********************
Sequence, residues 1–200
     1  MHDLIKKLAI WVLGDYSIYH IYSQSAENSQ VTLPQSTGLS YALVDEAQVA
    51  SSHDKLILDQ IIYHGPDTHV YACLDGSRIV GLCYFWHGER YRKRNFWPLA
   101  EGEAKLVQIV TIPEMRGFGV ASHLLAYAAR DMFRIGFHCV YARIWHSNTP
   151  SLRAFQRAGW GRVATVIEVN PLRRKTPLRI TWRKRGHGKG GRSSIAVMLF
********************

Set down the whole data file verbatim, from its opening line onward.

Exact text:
Sequence, residues 1–200
     1  MHDLIKKLAI WVLGDYSIYH IYSQSAENSQ VTLPQSTGLS YALVDEAQVA
    51  SSHDKLILDQ IIYHGPDTHV YACLDGSRIV GLCYFWHGER YRKRNFWPLA
   101  EGEAKLVQIV TIPEMRGFGV ASHLLAYAAR DMFRIGFHCV YARIWHSNTP
   151  SLRAFQRAGW GRVATVIEVN PLRRKTPLRI TWRKRGHGKG GRSSIAVMLF